A 2 year old presents to the emergency department with these burns.
Is this burn abusive or accidental?
This is actually
a trick question! Before making any determination about manner of injury a
history of the injury must be obtained. Clinicians should avoid making rapid
judgments based on an appearance, photo, or x-ray. Many injuries can have
an accidental explanation or an abusive explanation, and jumping to conclusions
prematurely can do harm to a patient or their family. This is the purpose of
child welfare or police
investigation. In a busy emergency department, there may not be time or ability to elucidate all the details of an event, or the caretaker during the event may not be present so the history is secondhand. It is important, however, to recognize when something is suspicious and warrants an investigation.
Per the father, he went to give the patient a bath, turned on the water, put the stopper in, and placed the patient in the tub. He did not think the water was hot but did not check it, and the patient did not scream or cry immediately. He starting whining and the father took him out of the water. He was in the water for about 2 minutes. The father denies that the water felt hot after he took him out. The father denies leaving the bathroom. He then noticed the skin looking dark and wrinkled. He called the patient’s mom to ask what to do and she advised him to go to the emergency room.
On arrival, he was tachycardic, afebrile, and normotensive. He was quiet if left alone but began crying with any movement of his feet or exam on his feet. After IV access is obtained and he is given pain medicine, a thorough skin examination is done that is negative for bruises, marks, scars, or other burns aside from those pictured. He receives IV fluids and is admitted to the burn unit for burn care.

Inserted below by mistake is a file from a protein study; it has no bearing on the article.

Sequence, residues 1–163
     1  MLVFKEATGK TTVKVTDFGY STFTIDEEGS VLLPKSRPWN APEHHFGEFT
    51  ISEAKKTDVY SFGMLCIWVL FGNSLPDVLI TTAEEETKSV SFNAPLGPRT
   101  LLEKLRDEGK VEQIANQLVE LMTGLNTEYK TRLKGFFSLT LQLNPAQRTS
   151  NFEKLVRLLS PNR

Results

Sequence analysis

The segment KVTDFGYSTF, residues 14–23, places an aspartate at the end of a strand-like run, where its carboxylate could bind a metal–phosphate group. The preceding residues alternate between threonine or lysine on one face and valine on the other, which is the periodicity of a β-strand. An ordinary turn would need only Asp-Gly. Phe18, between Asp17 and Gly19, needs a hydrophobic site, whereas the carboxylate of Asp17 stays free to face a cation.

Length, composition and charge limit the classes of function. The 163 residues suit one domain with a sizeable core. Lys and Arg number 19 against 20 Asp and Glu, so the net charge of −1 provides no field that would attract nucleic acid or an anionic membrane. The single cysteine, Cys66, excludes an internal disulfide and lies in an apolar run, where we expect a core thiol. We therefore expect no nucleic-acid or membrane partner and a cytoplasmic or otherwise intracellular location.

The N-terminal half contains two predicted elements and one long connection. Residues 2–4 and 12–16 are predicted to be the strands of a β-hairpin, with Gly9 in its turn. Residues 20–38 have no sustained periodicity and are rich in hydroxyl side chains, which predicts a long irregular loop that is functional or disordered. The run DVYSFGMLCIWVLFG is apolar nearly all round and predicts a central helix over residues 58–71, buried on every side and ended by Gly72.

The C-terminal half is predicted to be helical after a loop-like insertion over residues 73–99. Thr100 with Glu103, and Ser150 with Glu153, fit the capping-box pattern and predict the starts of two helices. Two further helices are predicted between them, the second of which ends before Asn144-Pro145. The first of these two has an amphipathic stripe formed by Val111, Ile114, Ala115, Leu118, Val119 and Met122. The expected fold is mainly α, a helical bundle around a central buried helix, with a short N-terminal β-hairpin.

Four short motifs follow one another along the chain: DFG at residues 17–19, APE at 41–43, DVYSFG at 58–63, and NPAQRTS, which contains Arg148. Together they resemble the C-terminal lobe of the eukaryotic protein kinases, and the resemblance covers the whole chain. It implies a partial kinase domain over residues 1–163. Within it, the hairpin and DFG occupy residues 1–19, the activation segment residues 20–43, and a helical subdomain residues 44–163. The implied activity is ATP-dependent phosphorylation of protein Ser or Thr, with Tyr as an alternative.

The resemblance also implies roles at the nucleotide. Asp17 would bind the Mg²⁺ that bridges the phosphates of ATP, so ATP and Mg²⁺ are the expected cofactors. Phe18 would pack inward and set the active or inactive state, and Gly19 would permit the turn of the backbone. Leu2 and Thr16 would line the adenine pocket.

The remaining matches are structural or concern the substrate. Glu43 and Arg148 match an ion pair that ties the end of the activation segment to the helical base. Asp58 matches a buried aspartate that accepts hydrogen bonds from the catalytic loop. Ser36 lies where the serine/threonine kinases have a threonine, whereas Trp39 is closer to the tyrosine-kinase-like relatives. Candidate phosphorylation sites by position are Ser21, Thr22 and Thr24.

There are a few
things that are concerning: the pattern, the absence of crying or screaming
even after being in the water for about 2 minutes,
and the father denying that
the water felt hot. The pattern of the burn is an immersion pattern. This is
indicative of someone being placed or immersed in hot water. The absence
of any splash or spill pattern
is concerning in that a child this age would be moving or kicking to attempt to get out of the water.
There are no splash burns or irregular edges of the burn to indicate movement.
In addition there is sparing of the soles. This particular pattern is often
seen when the feet are against the bottom of the tub sparing the soles from being burned
at all or burned as deeply.
Burns cause pain. In a neurologically normal child, he would be crying or
screaming in response to being burned.
There is a well-documented freeze response that sometimes children have in response to pain or heat but that lasts a few seconds before they react. Last, the water was hot enough to burn the child which means an adult who is neurologically intact would be able to feel the heat. This part of the history is obviously false as you have evidence of an injury since the patient is burned.
This patient’s feet were debrided as shown in Image 126.2.
It is important to recognize when seeing injuries that as a mandated reporter it is required to have a reasonable suspicion of abuse, not to know that abuse has occurred. A manner of abuse often cannot be determined without a thorough investigation that may include a scene investigation. Determining the manner of injury without enough information can be detrimental to the patient and the family. Immersion pattern burns can be accidental; however, that is much less common and again would warrant a full investigation in order to corroborate an accidental mechanism being provided.
Keywords: child abuse, dermatology, environmental
Pawlik M-C, Kemp A, Maguire S, Nuttall D, Fedlman KW, Lindberg DM, ExSTRA Investigators. Children with burns referred for child abuse evaluation: Burn characteristics and co-existent injuries. Child Abuse Negl 2016;55:52–61.